They've been called many things: inspiration boards, look & feel trajectories, lookbooks, moodboards. There are platforms dedicated to them (Pinterest) and a million different tools and techniques to create them. Regardless, their purpose is irreplaceable in the world of design.
When starting a design project, we sometimes have brand guidelines (or a Style Guide) already in place that a designer can use to help her establish a visual direction. With brand guidelines, the designer can build on already-established colors, fonts, and photography.
But certain design projects—like creating a logo or branding for a new product—obviously don't have brand guidelines in place. Everything is baked from scratch.
So how do we determine where to start? Hey, you guessed it! This is where a moodboard comes in handy. Bet you didn't see that one coming.
A moodboard is a loose arrangement of visual elements used to convey a very broad idea. They are not overly polished or finalized, and there is no exact template to execute upon. Their purpose is to provide elements—like color palettes, fonts, photography—that communicate the essence of what the design could be but never exactly what the design will look like. It’s a fantastic tool to suss out top-level likes and dislikes with regards to visual direction.
As a designer, I like to provide 2-3 distinctly different moodboards to help me understand what direction to go. In my opinion, providing only one never yields enough feedback to assume a visual direction. More often than not, there are elements from each that my clients like—the font from one, the palette from another—which I will then use to create a final visual direction.
How to use them
Say you’ve hired a designer to create a logo for you, and they have come back with 2 moodboards for your review.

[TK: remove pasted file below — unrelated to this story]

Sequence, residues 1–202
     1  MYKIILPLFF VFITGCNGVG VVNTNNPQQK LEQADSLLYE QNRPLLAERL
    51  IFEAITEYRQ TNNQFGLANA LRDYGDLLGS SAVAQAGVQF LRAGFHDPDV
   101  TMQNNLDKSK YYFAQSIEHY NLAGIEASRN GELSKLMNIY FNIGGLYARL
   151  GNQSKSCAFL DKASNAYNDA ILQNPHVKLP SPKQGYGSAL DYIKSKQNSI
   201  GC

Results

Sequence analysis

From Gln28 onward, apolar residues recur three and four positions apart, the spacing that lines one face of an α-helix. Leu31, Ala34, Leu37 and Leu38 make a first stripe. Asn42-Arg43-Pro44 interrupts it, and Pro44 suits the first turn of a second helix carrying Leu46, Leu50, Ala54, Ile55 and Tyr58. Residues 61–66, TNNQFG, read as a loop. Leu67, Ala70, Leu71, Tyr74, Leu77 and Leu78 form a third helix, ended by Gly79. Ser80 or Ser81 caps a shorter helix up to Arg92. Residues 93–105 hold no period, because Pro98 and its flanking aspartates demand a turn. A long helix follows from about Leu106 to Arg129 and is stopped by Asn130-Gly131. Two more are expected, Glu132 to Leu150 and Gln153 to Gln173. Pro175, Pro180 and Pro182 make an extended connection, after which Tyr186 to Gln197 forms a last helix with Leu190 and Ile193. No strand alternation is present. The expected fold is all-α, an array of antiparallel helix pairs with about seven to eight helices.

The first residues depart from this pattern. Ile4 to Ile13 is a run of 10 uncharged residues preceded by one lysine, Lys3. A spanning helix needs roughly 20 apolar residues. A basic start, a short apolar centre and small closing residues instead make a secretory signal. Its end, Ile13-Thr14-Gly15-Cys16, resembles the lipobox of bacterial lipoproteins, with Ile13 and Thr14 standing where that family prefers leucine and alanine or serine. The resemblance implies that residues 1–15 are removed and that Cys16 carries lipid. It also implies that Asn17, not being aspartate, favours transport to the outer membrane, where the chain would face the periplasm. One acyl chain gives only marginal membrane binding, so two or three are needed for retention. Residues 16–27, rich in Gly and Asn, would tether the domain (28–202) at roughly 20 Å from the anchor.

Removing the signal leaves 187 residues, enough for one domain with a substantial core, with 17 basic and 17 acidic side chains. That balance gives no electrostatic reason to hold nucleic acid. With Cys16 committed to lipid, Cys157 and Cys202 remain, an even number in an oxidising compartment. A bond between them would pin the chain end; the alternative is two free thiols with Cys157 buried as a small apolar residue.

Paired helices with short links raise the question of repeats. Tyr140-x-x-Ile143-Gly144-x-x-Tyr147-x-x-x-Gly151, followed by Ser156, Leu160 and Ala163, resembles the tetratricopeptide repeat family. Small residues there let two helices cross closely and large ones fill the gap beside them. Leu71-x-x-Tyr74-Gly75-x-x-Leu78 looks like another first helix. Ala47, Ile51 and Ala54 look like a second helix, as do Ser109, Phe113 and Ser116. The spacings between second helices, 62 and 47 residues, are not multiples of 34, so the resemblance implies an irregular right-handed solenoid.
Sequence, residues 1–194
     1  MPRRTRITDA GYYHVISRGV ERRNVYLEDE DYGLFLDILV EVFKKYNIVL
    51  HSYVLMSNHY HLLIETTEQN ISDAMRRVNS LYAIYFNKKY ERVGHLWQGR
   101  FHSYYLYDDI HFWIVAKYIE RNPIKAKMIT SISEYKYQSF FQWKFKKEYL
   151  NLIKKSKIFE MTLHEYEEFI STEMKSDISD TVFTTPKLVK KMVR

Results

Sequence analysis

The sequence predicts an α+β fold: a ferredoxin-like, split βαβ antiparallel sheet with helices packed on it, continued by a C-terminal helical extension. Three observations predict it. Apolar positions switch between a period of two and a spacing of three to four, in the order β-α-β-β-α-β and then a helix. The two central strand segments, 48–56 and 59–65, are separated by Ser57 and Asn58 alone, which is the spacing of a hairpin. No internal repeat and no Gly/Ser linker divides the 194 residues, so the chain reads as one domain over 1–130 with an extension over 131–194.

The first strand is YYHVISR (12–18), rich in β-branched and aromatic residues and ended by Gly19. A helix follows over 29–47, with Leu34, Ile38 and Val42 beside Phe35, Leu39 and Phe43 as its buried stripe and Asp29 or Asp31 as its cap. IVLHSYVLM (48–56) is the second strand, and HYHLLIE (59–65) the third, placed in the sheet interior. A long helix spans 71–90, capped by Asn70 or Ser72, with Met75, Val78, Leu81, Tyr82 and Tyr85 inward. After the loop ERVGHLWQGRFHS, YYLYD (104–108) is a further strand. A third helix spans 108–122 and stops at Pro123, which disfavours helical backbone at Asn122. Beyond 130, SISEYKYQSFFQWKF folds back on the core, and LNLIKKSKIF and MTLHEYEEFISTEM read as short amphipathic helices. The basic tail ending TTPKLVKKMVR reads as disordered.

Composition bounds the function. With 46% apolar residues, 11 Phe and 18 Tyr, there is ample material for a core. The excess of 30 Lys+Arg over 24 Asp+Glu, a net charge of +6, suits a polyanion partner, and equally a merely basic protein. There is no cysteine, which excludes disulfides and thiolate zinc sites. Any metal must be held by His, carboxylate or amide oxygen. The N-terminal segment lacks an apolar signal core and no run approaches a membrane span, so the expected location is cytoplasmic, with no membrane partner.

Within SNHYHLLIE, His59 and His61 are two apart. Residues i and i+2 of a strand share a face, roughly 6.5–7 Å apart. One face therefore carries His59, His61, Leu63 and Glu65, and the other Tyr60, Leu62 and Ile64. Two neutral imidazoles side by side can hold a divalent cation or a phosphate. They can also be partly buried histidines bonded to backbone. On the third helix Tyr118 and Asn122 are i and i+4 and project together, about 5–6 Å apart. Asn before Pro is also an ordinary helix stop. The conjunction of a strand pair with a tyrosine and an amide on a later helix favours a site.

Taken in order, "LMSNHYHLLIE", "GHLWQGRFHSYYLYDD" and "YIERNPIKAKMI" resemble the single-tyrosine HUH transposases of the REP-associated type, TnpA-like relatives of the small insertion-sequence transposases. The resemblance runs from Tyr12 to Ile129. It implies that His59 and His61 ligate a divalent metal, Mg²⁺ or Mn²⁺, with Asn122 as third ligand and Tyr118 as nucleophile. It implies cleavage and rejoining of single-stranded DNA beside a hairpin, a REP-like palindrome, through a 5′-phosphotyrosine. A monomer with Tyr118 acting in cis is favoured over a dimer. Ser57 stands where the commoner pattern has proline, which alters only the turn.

They may at first look very abstract to you.
There may be crops of photography and type that seems collaged, there may be blocks of color, and there may even be samples of other logos. You might wonder how these elements even relate to the final design but do your best to assess them from a low fidelity, instinctual point of view.
A well-executed moodboard will certainly convey a mood, so if you feel an immediate aversion to something—call it out. Perhaps you don’t like green. Maybe the typography in one part of the moodboard is too heavy. Don’t be afraid if you don’t know "designese." Just speak in terms that make sense to you. As a designer it’s most helpful to hear your natural thoughts that I can then filter into a design direction that's suitable for you.
Make One Yourself
I’ve found it to be incredibly useful when a client makes their own moodboard. If you’ve got an idea around the type of visuals you had in mind, don’t be afraid to get your hands dirty!
Some clients have provided a Pinterest board or a Powerpoint, while others have even just provided a folder full of images with a Dropbox link. The execution is not important, and it doesn’t have to be polished. The real value comes in knowing what you like and dislike, then visually communicating that as best you can.
Try using moodboards in your next project, or even for your own personal projects. They’re a fantastic way to visualize any goal—large or small, tangible or intangible.
And after all, visualization is the key to success.